As our country joins the rest of the continent in celebrating Africa Day this week, which is an annual commemoration of the 1963 founding of the Organization of Africa Unity (OAU) presently recognized as the Africa Union (AU), it is crucial to interrogate whether the African continent is in a position to come up with and implement solutions to the litany of challenges bedevilling it without too much outside assistance.
The problem with African solutions to African problems
The notion of Africans being able to solve their own problems has over the years proved to have a lot of drawbacks which include biased mediations, lack of agreement on the â€˜African solution to the African problem,â€™ disregarding of African solutions by Western powers and the fact that the AU is affected by the selfish interests of its member states.
One by one, I am going to examine these problems which have resulted in ASAP failing to gain traction with the entirety of the African community.
Mediation is one of the mostly used conflict resolution methods in Africa. However, on more than one occasion, there have been accusations of bias levelled against African mediators who seem to favour ruling parties over the opposition. These accusations can be substantiated by the fact that opposition parties always seem to be the biggest losers in agreements reached after mediation.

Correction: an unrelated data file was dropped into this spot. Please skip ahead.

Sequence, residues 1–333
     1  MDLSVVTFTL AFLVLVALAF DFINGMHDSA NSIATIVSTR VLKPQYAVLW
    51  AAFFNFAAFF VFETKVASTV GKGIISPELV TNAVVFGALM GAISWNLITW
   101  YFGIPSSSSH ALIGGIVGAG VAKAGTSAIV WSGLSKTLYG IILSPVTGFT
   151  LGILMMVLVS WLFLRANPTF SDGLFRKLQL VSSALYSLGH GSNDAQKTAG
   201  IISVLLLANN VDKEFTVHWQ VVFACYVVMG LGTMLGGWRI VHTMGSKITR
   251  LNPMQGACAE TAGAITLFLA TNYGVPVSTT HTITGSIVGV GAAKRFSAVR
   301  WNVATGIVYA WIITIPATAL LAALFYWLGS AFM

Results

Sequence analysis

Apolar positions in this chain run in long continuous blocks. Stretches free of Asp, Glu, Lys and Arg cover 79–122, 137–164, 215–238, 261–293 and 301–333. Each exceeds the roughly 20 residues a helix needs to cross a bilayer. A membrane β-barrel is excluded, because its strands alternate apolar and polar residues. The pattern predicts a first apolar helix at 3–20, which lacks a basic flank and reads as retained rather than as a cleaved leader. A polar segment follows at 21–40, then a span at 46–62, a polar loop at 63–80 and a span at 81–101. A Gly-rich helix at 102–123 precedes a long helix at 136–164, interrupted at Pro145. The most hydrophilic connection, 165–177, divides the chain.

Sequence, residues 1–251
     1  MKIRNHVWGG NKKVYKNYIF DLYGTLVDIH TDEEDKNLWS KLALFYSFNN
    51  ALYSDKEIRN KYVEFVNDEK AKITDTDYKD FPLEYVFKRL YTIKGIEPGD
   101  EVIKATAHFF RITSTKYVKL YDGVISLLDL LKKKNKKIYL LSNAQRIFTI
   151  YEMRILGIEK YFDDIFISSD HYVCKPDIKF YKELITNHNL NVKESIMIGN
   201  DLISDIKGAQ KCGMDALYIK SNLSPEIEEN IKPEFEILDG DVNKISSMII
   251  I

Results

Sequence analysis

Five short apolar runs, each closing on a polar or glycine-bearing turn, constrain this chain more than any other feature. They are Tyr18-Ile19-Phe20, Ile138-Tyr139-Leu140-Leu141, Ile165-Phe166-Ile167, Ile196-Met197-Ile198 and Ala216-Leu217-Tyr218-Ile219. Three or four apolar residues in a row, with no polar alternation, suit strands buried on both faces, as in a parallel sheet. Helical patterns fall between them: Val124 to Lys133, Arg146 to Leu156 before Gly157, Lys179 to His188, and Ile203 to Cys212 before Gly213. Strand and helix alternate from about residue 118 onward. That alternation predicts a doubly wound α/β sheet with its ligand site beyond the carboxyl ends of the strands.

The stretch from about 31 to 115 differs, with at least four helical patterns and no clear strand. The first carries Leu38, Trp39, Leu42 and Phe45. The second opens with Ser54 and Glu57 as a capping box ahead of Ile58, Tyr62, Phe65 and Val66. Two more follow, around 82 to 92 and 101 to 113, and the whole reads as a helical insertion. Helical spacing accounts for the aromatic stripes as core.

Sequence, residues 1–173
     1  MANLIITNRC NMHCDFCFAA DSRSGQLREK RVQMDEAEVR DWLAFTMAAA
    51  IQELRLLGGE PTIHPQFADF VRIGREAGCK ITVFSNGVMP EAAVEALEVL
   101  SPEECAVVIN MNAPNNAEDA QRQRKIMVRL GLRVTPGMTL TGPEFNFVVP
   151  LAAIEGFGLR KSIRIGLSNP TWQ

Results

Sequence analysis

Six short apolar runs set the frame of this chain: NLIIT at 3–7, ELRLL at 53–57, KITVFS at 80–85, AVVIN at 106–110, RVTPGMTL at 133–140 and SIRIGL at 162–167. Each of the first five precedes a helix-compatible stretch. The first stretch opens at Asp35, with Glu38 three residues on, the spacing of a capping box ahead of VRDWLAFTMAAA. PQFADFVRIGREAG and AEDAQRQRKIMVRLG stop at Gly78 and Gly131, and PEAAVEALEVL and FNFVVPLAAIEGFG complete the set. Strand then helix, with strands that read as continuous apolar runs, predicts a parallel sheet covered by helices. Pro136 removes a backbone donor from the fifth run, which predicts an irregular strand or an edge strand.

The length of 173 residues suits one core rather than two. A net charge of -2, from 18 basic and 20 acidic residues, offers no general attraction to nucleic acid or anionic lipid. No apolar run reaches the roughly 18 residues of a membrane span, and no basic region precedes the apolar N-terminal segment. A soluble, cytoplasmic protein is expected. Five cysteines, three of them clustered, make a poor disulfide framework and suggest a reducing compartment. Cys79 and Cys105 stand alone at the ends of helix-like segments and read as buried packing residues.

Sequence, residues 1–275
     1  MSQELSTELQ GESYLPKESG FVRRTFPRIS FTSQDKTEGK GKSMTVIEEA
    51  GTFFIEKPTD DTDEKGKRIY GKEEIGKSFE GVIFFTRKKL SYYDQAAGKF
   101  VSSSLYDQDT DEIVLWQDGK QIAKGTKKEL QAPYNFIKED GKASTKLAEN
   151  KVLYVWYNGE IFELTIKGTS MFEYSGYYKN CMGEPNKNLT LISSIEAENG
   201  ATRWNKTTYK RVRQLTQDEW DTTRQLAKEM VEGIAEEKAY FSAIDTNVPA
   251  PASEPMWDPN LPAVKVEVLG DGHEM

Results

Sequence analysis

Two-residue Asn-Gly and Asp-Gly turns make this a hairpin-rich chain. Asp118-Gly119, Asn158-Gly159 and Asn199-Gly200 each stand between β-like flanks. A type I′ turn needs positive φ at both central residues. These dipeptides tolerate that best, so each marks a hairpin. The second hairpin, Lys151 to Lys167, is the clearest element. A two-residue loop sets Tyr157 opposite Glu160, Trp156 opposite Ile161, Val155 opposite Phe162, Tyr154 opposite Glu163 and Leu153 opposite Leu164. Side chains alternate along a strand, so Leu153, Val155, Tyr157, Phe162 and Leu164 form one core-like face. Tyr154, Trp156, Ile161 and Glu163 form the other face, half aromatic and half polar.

The 2005 Thabo Mbeki role in Cote dâ€™Ivoire where New Forces, former Ivorian rebels, cried foul over his mediation between them and Ivorian strongman Laurent Gbagbo, is a good example.
The effect of biased mediation â€“ or mediation that is perceived to be biased â€“ when looking at ASAP is that it makes the implementation of an African solution to an African problem difficult because those who feel their African mediator lacks neutrality are most likely to seek solutions that are outside Africa. This is exactly what happened in Cote dâ€™Ivoire in 2005 where the New Forces rejected Mbeki and began clamouring for a UN intervention.
Lack of agreement on the â€˜African solution to the African problemâ€™
ASAP is a notion that makes an assumption that those meant to implement it always agree on exactly what the â€˜African solutionâ€™ is â€“ that is not always the case.
A perfect example of this is the crisis that gripped Libya in the wake of a popular uprising against Muammar Gaddafi. The AU came up with a diplomatic response to the crisis which entailed facilitating a negotiated solution in Libya.
But the three African countries who were in the UN Security Council at that time, namely Gabon, Nigeria and South Africa all voted for resolution 1973 which was militaristic in nature and flew in the face of the AUâ€™s diplomatic response.
It is important to note that if just one of the three African countries mentioned above had abstained from voting the resolution would not have passed. But they all voted in favour of the resolution, a clear indication that those African countries were not in agreement with the rest of their fellow AU members who had decided that a diplomatic solution was the best way to go in Libya.